The fact that incest is something the Buendias have to keep facing indicates how hopelessly and inextricably tied they are to the homestead. Far too solitary for their own good they are unable to look beyond themselves, again another characteristic the Buendias have in common with the old aristocratic colonial families. Historically also, incest was practiced by these old families to keep the family wealth within their family. This desire to maintain the wealth within the family is translated in the novel as a curse of sorts; a predisposition for incest that stains the Buendias which keeps them disengaged from society at large.
THE FLOW OF TIME: The novel interestingly, has several ideas concerning the interpretation of
time. The story unfolds as a linear progression of events, both when talking about individual characters and Macondo's history, but Senor Marquez gives leeway for other understandings of
A great chunk of the novel talks of time as being cyclical or circular in nature rather than linear. Senor Marquez uses the history of Macondo and Buendias as metaphor for the circular nature of history.
The repetitious use of names and traits of the members of the Buendia family spanning over six generations are proof of this point of view of time. All male Buendias who are named
Jose Arcadio are curious and lean towards being rational and are typically blessed prodigious strength and/or size. Those named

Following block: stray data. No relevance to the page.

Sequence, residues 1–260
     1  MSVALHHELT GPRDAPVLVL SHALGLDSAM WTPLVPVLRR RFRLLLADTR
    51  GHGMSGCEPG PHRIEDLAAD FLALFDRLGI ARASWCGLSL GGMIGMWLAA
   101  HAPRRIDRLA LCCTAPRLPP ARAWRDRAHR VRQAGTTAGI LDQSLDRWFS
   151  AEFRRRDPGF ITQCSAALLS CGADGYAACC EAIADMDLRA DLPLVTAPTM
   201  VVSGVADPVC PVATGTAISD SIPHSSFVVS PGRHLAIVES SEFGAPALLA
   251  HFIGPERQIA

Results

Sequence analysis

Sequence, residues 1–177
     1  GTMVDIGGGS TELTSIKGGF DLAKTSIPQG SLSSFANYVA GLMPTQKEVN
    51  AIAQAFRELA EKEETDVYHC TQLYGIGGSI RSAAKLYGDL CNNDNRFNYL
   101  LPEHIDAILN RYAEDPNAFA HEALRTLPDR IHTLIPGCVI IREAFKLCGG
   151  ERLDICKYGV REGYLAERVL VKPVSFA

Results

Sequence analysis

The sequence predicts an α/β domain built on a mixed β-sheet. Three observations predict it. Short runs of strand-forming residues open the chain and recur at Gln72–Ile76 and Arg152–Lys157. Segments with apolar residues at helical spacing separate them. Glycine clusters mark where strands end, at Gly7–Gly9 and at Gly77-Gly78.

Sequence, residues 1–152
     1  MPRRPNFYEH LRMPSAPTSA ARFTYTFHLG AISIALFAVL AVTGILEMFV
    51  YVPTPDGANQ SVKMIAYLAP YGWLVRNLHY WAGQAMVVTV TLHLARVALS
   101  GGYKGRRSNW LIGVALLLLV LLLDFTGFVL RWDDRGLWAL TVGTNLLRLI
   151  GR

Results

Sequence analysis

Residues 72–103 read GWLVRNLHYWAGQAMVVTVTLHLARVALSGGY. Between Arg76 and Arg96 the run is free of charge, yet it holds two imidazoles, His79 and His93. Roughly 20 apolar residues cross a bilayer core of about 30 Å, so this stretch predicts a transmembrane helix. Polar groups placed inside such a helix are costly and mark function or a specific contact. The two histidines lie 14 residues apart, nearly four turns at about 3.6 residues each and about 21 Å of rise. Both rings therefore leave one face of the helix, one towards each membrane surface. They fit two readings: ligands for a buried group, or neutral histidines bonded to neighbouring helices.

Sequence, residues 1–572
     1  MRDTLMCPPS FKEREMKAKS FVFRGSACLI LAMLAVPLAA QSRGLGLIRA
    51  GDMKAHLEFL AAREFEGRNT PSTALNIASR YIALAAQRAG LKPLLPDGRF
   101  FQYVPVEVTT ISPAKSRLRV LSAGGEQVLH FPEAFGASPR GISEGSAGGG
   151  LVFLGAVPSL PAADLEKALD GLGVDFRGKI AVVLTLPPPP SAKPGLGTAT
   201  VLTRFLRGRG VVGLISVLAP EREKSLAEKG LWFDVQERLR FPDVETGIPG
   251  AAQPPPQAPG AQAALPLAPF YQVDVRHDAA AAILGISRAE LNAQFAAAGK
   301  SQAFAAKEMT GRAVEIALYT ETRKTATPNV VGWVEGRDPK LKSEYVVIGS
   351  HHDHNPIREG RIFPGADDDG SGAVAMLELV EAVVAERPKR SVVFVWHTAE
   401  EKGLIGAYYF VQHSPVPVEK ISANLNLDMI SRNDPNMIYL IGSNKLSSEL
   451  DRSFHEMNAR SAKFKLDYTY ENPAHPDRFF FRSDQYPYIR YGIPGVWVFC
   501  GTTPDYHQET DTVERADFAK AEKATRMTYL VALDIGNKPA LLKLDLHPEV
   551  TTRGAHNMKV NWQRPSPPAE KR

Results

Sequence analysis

Aureliano on the other hand are predisposed to being narrow-minded and quietness.
This repetition of characteristics reproduces the steps individual characters take and thus reproduce much of the same folly of the ones that preceded them. Ultimately, the town becomes little more than the backdrop of the succession of the same mistakes repeated again and again by the Buendia family who in turn are spurred on by some inborn character flaw or hubris in their nature. Through this cyclical treatment or view of time the novel also explores the issue of eternity even within the continuum of mortal existence.
While One Hundred Years of Solitude is still basically chronological, it also features many odd
hiccups in time. They occur both as flashbacks and sudden surges forward to future events. Some example of this is the youthful love between Meme and Mauricio Babilonia, which is already in full swing before the author gives any details concerning the origins of the affair. The novel itself begins with a recounting of Col. Aureliano Buendia remembering his youth giving the reader a false sort of in medias res beginning.
Even the rate at which time moves for the characters in the novel alternates, moving quickly for some and stagnating for years for others. Children grow up quickly, but when they reach adulthood---particularly the male adults---time seems to
abandon them. Often they are left to ruminate on nostalgic events and wallow in bitterness for years.
abandoned Col. Aureliano Buendia after the civil wars. Ursula is all but immortal in the novel and in her later years when she observes her family she herself realizes that time appears to be moving in a circle. The younger generations become like their ancestors, but with some flaw or strength embellished. Time indeed moves in a circle, but instead of expanding it implodes on the Buendias as their doom draws nearer. Senor Marquez writes this to point out that although time moves in circles and cycles; people may not actually improve as a result of all the movement, chronicle of a cycle of stagnation if you will.